Here is my first post as contributor to the project at Dirt Road Essentials.
I thought that if I kept a ladylike posture and only moved in a ladylike manner, it would be healthy for my body. However, much as I tried to follow posture and etiquette guidelines, I was swaybacked. My spine and shoulders hurt. My hip locked up easily. Efforts at physical labor were pitiful, because I felt pained and weak.
Learning a healthy posture took time. In vocal lessons, I learned to raise the rib cage. It was a simple step that my etiquette text had seemed to miss, but lifting and holding up the rib cage makes a difference.
Then I married and we started having babies. I bought several books about pregnancy, labor, and delivery. The Bradley Method had particular guidelines that would assist any woman, pregnant or not. Tailor sitting on the floor, squatting flat-footed, avoiding chairs, and bending over properly may not be “lady like,” the book explained, but they were motherly habits that were healthier than torturing the spine in a chair with one’s legs crossed all day. Best of all, these habits help the body prepare and progress through labor.
A friend offered me a cranial-sacral massage, and was it a godsend. Standing tall and moving smoothly comes naturally when your muscles and attitude are relaxed. It gave my hips some relief, as well.
Five months after one birth, though, I was positively miserable. My hips and knees screamed when I climbed steps or into the pickup. Several times I nearly dropped the baby (<10 lb.) because my left arm and wrist were painful, numb, spasming, and pathetically weak. A coworker told us about her wonderful chiropractor, so we decided to give him a try. Unlike my previous chiropractors, he is a sports oriented specialist using Active Release Technique, who works gradually to help the body align itself. He even gives patients stretches to perform at home to encourage the body to remain in alignment. I was so desperate, I consented to acupuncture in my wrist and between my shoulder blades; the treatment was successful. To this day I am constantly lifting children weighing 20-40 lbs without pain or numbness. Though one hip still gave me trouble, I was able to function again with the help of Active Release Technique and some acupuncture.
As my postpartum body gradually realigned under chiropractic treatment, my ribs started popping themselves into place until one day I stretched my arms upward and *SNAP* my sternum made a noise so loud I thought it was injured. Once I got over the shock, I realized my rib cage felt better than I thought was possible. From that day on I have been able to jog! I now realize that I never liked running as a kid because it was too painful. It’s amazing the pain you don’t realize is holding you back until the pain is relieved.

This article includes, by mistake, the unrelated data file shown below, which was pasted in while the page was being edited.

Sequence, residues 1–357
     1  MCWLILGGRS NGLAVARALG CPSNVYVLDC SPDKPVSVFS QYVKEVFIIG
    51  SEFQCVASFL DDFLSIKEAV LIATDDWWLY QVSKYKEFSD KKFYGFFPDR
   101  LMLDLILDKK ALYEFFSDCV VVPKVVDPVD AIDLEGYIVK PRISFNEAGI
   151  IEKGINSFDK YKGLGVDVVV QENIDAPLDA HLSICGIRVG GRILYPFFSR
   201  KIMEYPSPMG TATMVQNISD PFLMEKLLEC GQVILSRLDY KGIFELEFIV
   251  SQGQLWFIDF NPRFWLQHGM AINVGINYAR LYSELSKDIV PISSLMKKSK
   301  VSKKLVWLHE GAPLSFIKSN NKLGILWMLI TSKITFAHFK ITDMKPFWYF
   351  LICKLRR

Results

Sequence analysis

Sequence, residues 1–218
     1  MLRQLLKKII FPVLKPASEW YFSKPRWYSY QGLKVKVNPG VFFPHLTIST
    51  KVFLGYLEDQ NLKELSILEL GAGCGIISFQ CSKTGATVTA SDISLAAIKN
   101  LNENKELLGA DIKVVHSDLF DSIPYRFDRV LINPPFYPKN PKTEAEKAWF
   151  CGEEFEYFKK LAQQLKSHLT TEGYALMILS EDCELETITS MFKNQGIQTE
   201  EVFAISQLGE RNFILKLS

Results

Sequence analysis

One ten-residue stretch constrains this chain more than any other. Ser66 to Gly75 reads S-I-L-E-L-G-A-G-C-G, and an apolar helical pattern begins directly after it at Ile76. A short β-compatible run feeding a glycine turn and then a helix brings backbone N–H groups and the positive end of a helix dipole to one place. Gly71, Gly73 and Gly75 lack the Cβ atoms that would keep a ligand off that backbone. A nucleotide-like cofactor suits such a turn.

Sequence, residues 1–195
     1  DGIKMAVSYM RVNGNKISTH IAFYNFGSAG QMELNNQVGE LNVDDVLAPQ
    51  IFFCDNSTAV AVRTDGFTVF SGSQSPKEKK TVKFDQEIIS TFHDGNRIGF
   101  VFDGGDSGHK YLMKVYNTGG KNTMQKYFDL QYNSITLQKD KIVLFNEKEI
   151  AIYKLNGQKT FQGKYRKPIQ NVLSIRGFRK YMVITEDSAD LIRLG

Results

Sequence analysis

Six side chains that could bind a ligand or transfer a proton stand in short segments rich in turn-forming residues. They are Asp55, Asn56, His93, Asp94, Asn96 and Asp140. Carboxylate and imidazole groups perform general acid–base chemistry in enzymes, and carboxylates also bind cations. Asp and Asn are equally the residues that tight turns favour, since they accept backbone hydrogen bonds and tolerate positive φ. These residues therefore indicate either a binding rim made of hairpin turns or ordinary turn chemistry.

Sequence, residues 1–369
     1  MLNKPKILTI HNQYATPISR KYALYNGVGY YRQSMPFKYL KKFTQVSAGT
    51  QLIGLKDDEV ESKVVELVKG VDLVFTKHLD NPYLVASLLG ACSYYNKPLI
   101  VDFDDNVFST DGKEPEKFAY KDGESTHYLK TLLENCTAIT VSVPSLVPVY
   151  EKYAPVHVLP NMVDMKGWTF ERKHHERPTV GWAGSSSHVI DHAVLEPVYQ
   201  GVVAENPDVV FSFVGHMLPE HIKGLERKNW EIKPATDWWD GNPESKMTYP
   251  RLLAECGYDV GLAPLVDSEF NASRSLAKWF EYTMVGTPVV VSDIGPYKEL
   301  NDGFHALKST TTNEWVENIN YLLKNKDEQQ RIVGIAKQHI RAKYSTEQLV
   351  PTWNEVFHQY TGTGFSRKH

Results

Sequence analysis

Some time later, I came across an article about peoples who have no back pain. Points 4 and 5 of this article were intriguing because they flatly contradict the usual rules of “Chin up! Stand straight!” Could these new tips possibly help? I tried. They did. Lengthening the spine and engaging the core accomplishes far more benefit than the usual advice. I believe these practices (along with hydration, vitamins, and walking) helped my cesarean scars heal quickly and properly. Every nurse and doctor examining me was impressed with my recovery. Perhaps there were other factors involved, but I suggest anyone undergoing abdominal surgery take a look at the above article. As for points 1 and 3, those are practices I have yet to achieve, especially since 3 feels silly and particularly unladylike in public. Maybe no one would really notice, so I suppose I can give it another try.
Eight years since I began trying new rules for posture, I found Roland Warzecha. He teaches authentic combat techniques and behavior to medieval reenactors. In his body mechanics video, he describes how people without structured shoes would walk. I have been practicing this “ball walking” for about three months, now. It does feel ridiculous at first, but in these weeks, my calves have shaped up considerably.
Most impressively, my hip, a problem I have had for twelve years, has stopped its regular freezing up. This freezing used to happen multiple times a day. The massage and our good chiropractor cut it down to every other day. In three months of ball walking, though, my hip has frozen only twice. Recovery is much easier, too; I can just walk it off in a few steps of ball walking.
Warzecha also discusses posture while sitting, reaching, and lifting in this earlier video. His description of “sitting straight” makes good sense by encouraging lengthening of the spine. I can sit still crocheting for hours without feeling sore, if I remember this advice.
These are all the methods I have found so far. There may be better ideas out there (please share if you know of any), but for now these practices are relieving my pain and helping me gain some strength. While I try to remember the ladylike manners in public, I have found that the healthiest postures do not necessarily follow etiquette, but the good design our bodies were given in the beginning.
Please share below if you have found other good lessons in posture.
You ask how I keep my kids healthy?
we use Thieves essential oil/spray for immunity boost when we go out in public. It can be rubbed on their feet before we leave the house, sprayed on grocery carts, and spritzed on everyone’s hands as we buckle back into the car. Young Living produces Thieves; DōTerra makes the equivalent, OnGaurd. Especially when attending crowded gatherings, we utilize “Crowd Spray.” I spray it on car seats or blankets, and on the back of each child’s head and neck.
With the dry winter weather, I use a little saline in the babies’ noses before bed. Then I diffuse Eucalyptus Radiata oil so they don’t get congested overnight. Better sleep for the win!
I share a little of my Lypo-Spheric Vitamin C with the kids every day. This is an easily absorbed form of vitamin C that is excellent for preventing and fighting illness. Often I have taken seven packets during a cold, and the cold resolved in three days. This used to take seven to ten days for me to get over! Now that I am taking it daily, I have even fewer sniffles. I let my 3yo have half a packet; she licks it up as if it’s honey. For the 1yos, I just dip my pinky in the vitamin C and swab it around their mouths. Sometimes they love it, sometimes they think it’s gross.